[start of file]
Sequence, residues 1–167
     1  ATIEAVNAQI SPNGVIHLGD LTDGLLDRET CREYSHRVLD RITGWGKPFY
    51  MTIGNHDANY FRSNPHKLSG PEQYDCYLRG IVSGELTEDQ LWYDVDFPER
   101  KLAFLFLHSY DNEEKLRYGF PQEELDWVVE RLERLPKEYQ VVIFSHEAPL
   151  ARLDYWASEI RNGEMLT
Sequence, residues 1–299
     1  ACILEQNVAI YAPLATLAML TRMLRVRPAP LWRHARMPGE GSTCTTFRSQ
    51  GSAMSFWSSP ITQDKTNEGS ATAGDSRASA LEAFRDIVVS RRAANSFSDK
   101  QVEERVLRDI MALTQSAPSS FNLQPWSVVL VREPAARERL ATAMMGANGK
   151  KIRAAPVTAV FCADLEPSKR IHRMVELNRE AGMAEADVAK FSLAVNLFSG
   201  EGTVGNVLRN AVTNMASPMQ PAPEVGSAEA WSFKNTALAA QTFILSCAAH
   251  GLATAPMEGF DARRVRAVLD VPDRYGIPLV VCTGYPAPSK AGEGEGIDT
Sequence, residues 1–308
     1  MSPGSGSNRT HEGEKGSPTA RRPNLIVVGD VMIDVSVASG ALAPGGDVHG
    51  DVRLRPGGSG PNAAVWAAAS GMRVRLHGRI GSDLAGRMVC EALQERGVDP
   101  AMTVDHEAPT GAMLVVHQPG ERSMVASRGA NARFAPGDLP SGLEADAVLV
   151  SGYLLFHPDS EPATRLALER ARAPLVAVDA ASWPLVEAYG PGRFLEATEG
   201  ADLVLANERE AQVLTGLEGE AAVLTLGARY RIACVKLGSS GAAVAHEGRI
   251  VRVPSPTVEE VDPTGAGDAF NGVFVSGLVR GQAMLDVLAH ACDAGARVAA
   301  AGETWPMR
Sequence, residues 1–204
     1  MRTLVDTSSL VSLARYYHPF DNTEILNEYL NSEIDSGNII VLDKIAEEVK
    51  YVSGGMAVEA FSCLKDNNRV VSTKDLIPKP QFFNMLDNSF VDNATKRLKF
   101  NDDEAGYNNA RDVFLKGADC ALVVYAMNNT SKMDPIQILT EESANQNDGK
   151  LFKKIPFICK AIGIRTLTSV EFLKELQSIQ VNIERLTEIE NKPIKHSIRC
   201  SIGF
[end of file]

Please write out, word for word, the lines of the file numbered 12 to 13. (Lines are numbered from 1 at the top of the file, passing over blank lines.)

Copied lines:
   251  GLATAPMEGF DARRVRAVLD VPDRYGIPLV VCTGYPAPSK AGEGEGIDT
Sequence, residues 1–308